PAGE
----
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Achieve accurate clean engine design

Posted: 09 Nov 2012     Print Version  Bookmark and Share

Keywords:chemical processes  Computational Fluid Dynamics  CAD 

The mesh generation process begins with the definition of the rectangular computational domain. Three sets of planes orthogonal to the Cartesian coordinate system are then defined inside it. The intersection of these planes defines the set of rectangular cells (cuboids) that form the background Cartesian mesh. At the next stage of the process, specified refinement levels are honoured for areas near specific boundaries or geometric elements, such as spark plugs or valve seats, or for volumetric regions defined by spheres or "tubes" of interest. These refinement levels can be specified initially or can be imposed at some specified time windows during the simulation. The refinement is imposed, such that difference in refinement levels of neighbour cells is never higher than 1; this is necessary to minimise the approximation error. The refinement level of the cell is the number of times it has been refined relative to the initial cell in the background Cartesian mesh.

When a cell is refined, it will be evenly split into eight smaller cubes. Engine geometries inevitably contain small structures, such as the crevice between valve seats and the cylinder head. Such small fluid passages have to be resolved using very small cells, and it is impractical to use such small cells throughout the computational domain. This makes mesh refinement a necessary capability. In FORTÉ, mesh refinement can be applied on boundary surfaces or in specified volumetric regions.

FORTÉ does not rely on "adaptive" cell refinement to maintain accuracy of the combustion solution. Especially for combustion, where sudden large gradients in the solution occur, adaptive refinement can be highly error-prone, since the solution will shift as the refinement is initiated. Instead, FORTÉ relies on careful use of mesh-independent models to resolve flame-propagation and spray structures. However, it is important to note that these features relieve the mesh-generation process from constantly needing large numbers of small cells in regions that are not known a priori in a simulation. Instead, FORTÉ can rely on simple refinement around known fixed boundaries, or low-level global refinement for time periods of known interest.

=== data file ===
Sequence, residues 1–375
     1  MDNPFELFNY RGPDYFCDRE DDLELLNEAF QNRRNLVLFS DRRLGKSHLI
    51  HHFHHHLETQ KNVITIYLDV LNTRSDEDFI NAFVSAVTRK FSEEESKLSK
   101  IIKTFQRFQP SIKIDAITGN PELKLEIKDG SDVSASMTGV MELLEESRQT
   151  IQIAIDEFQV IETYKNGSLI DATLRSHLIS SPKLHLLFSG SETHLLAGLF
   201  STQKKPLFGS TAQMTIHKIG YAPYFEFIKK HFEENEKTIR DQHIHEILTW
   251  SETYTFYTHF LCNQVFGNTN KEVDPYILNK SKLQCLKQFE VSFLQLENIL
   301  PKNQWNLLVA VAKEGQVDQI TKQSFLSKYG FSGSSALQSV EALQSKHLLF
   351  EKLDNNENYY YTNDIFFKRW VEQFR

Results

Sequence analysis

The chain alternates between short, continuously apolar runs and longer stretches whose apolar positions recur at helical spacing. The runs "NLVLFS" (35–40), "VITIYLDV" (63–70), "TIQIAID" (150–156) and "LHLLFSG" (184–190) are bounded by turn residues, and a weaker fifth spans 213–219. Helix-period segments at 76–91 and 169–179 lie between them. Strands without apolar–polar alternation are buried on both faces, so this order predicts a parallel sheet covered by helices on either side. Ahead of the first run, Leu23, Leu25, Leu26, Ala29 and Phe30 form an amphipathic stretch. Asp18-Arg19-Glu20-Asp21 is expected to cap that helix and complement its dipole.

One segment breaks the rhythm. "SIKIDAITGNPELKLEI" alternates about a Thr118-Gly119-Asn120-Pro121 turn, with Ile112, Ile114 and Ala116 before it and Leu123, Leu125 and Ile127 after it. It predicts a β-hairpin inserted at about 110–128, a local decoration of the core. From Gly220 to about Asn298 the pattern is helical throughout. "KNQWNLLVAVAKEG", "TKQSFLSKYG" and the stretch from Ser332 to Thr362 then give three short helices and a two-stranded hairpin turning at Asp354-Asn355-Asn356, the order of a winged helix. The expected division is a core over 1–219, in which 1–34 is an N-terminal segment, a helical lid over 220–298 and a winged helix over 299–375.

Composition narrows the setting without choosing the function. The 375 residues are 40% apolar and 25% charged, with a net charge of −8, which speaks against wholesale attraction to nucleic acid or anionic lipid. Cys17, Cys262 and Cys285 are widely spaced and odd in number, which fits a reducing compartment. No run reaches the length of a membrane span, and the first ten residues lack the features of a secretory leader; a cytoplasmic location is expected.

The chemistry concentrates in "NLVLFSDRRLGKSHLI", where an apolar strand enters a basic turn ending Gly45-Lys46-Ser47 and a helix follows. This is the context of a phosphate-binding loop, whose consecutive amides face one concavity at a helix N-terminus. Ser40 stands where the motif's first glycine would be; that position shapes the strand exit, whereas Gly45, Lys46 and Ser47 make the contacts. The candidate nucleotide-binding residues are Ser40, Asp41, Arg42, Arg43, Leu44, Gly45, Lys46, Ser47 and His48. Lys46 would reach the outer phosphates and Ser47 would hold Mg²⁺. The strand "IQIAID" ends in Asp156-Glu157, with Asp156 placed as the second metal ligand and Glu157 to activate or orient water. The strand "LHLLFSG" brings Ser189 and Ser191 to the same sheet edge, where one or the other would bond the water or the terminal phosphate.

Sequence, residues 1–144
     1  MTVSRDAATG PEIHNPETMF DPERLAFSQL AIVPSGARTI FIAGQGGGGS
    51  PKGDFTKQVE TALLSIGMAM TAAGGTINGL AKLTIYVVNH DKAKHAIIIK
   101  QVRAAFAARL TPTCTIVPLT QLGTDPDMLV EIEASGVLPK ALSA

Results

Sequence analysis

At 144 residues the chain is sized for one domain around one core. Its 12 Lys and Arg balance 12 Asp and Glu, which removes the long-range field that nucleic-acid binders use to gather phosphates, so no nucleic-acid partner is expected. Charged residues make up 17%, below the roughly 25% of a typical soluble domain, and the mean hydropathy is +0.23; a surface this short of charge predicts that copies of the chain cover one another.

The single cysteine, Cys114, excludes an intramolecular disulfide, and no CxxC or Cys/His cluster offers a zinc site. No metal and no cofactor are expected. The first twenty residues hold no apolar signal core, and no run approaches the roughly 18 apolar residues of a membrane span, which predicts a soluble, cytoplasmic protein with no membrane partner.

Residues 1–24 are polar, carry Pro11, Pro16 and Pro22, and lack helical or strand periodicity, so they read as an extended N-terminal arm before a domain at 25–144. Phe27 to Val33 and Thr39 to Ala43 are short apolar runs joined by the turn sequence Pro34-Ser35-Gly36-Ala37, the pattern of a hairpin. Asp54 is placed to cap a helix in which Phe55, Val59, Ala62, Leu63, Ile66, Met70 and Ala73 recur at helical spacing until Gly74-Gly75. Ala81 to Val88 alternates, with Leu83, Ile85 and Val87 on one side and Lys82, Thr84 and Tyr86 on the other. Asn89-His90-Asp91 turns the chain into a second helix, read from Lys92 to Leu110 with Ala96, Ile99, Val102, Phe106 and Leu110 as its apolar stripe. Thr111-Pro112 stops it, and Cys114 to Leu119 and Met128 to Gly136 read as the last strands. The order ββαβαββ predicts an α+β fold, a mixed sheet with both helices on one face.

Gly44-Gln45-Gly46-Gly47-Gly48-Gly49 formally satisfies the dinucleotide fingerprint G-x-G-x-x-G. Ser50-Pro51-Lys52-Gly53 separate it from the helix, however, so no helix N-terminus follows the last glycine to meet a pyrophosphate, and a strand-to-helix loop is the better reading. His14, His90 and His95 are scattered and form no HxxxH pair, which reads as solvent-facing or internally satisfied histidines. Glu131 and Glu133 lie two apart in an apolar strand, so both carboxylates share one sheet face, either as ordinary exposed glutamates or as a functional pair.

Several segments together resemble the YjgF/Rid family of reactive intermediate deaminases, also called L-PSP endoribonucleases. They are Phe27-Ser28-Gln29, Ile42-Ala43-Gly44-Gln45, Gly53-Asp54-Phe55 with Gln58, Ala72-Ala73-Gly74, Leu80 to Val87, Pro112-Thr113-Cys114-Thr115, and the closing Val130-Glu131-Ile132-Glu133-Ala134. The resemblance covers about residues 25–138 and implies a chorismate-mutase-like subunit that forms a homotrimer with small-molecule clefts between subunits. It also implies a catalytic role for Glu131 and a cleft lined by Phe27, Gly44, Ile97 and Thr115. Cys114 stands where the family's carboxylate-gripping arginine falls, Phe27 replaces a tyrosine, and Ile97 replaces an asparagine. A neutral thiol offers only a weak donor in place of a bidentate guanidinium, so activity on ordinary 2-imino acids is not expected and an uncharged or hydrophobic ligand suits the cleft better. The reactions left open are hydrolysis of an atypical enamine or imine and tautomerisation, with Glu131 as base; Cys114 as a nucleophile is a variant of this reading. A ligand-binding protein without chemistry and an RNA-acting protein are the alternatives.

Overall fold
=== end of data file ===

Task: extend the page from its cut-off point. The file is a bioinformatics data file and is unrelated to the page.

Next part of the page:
Save time and effort
The FORTÉ CFD Package includes a visualiser that generates graphical representations of simulation results in a form engine designers need.

No sepa�rate tools are needed to gather, collate and view results. This visualiser provides quick creation of animations for any 3-D view, 3-D contour plots with easy control of both the cut-planes and the viewing angles; import of experimental data, automatic unit conversions, and quick comparisons of parameter-study results; automated creation of Phi-T maps to show where and when emissions are produced, including animations and last but not least export to third-party tools, including Field view, Insight, Tecplot and Excel.

Figure 2: Forté user interface and 3D visualisation example.

Recently new capabilities were added to FORTÉ: the ability to accurately simulate soot particle size as well as total particulate-matter emissions. The new technology was inspired by the accomplishments of the Model Fuels Consortium (MFC). Founded in 2005 by Reaction Design, the award-winning MFC is a highly regarded, industry-led project for the development of cleaner burning, higher-mileage vehicles. More than 20 members include Volkswagen, Peugeot (PSA) as well as US and Japanese automotive OEMs. The MFC's work focuses on creating software models and tools that enable engine designers to better determine the fuel effects on efficiency and emissions. When coupled with an accurate soot chemistry mechanism, such as the one developed by the MFC, the FORTÉ soot model provides engine designers with a physics-based approach to the prediction of soot size and mass emissions trends with unprecedented accuracy.

Soot formation occurs when fuels don't fully combust. While in the past decade, engine exhaust regulations focused on limiting the total amount of soot, and NOx emissions, future regulations will include particulate matter as well. The Euro 5+ and Euro 6 standards and proposed U.S. Tier 3+ and Tier 4 regulations limit both mass and number of particles. Various medical studies have shown that soot is unhealthy, especially particulate sizes of less than 2.5 microns—the human body cannot eliminate such small particles. Designing an engine that minimises the amount of soot produced is much more cost-effective than after treatment

The MFC contracted with the University of Southern California to obtain needed fundamental measurements that were used to validate the soot model parameters. The model accurately predicts engine-out trends, including total mass emissions and particle size distribution. This allows engine designers to compare disparate engine designs or combustion schemes relative to one another. The MFC and Reaction Design have been working proactively to develop soot modelling approaches that can help reduce these harmful emissions, as we anticipate that more regulations will follow with increasingly strict limits on particle size and number. The ability to predict soot particle sizes and track their progress from formation through agglomeration and oxidation in an engine is of significant benefit for engine developers, who will not only be able to better address air quality regulations, but also help shave time from their design cycle.

About the author
Bernie Rosenthal is CEO of Reaction Design.

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